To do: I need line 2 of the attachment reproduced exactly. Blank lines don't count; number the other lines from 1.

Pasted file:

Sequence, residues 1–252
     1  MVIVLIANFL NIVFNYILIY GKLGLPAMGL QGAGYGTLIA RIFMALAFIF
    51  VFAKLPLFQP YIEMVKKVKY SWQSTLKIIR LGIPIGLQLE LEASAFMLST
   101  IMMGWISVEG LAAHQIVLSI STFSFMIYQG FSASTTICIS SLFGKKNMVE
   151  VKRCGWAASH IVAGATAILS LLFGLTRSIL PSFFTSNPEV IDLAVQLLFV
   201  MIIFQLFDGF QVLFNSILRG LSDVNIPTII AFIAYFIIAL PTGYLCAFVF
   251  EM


     1  MVIVLIANFL NIVFNYILIY GKLGLPAMGL QGAGYGTLIA RIFMALAFIF